Some horsemen on rearing horses can be associated with the milestones in general history or in the history of arts.
Table Of Contents
Painting Styles↑ Back To Table Of Contents ↑
Painting Techniques↑ Back To Table Of Contents ↑
1420s- 1430s, Florence: Discovery of the mathematics of linear perspective↑ Back To Table Of Contents ↑
Perspective was fascinating many great minds of the time. Paolo Uccello was particularly passionate about it. He would “stand the whole night through beside his writing desk seeking new terms for the expression of his rules of perspective.” When his missus asked him to come to bed Paolo would often decline, saying he had plans with “my sweet mistress perspective.”
Later, in the 1470s-1480s, Piero della Francesca has written De Prospectiva pingendi (On the Perspective of painting), the earliest and only pre-1500 Renaissance treatise solely devoted to the subject of perspective.
15th century, Netherlands: widespread adoption of oil paints↑ Back To Table Of Contents ↑
The beginnings of oil painting are recorded as early as the twelfth century in Northern Europe. But it was the virtuoso handling of the medium on panel by early Netherlandish painters such as Jan van Eyck and Rogier van der Weyden that represented a turning point in its eventual adoption as the major painting medium in Europe in the sixteenth century. By then, Jan van Eyck had been incorrectly credited with the “invention” of oil painting.
In Italy, Leonardo da Vinci was among the first adopters of oil paints.
Mid-16th century, Venice: adoption of canvas as painting support↑ Back To Table Of Contents ↑
The use of canvas as a support for oil paints allowed for easier transport of larger compositions, canvas is far lighter than oak panels, also a painting executed on canvas can be rolled up and transported more easily than wooden panels. Canvas became prominent in the Italian Renaissance and it was widely used, particularly in Venice.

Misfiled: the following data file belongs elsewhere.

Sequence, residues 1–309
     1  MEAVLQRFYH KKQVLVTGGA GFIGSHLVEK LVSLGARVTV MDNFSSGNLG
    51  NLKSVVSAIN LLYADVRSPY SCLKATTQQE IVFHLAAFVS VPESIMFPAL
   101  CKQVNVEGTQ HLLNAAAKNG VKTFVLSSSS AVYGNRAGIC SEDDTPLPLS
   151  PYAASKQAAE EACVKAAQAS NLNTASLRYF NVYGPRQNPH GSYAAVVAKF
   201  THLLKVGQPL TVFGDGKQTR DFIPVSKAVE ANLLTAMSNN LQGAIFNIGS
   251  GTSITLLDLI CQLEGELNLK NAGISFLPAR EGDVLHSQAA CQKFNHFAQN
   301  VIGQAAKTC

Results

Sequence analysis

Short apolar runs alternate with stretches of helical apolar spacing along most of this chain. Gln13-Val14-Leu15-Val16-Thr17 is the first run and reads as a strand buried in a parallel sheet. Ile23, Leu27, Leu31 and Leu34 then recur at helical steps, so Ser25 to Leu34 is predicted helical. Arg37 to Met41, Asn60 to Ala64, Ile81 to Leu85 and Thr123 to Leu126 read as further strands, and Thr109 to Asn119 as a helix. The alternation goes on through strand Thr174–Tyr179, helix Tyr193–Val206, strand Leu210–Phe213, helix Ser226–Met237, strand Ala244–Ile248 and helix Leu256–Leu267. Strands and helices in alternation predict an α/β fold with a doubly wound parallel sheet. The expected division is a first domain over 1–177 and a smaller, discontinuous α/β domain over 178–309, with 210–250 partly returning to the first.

Venice was a wealthy trading port and, in the many workshops within the city, produced sails made from linen and other fabrics. In fine art, linen is still considered to be the finest support for oil painting. Later examples of oil paintings from the Venetian painters include works by Paolo Veronese and Titian.
Funeral Monuments With Horsemen On Rearing Horses↑ Back To Table Of Contents ↑
Funeral monuments, big or small, were very important to people throughout history.
Cinerary Urns↑ Back To Table Of Contents ↑
Gravestones↑ Back To Table Of Contents ↑
Sarcophagi↑ Back To Table Of Contents ↑
Mausoleums↑ Back To Table Of Contents ↑
There were a few large scale funeral monuments: mausoleums, temple tombs and a necropolis that featured horsemen on rearing horses.
History↑ Back To Table Of Contents ↑
333 BC: Establishment of Alexander the Great’s empire and beginning of the end of Persian empire↑ Back To Table Of Contents ↑
323 BC: Death of Alexander the Great and beginning of the Hellenistic era↑ Back To Table Of Contents ↑
31 BC: Beginning of the Roman Imperial era↑ Back To Table Of Contents ↑
312 and 1520: Beginning of the Christian era of the Roman empire and transition from renaissance to mannerism↑ Back To Table Of Contents ↑
Some historians view 1520, the date of the death of Raphael, as the end of Renaissance and beginning of a new art style, Mannerism, also known as Late Renaissance. Raphael is viewed as zenith of High Renaissance, and it was his head assistant, Giulio Romano, along with Parmigianino who launched Mannerism! Thus, the fresco below can be viewed as a turning point of art: it was designed by the youngest of prominent High Renaissance artists, Raphael, and completed by a pioneer of Mannerism, Giulio Romano.
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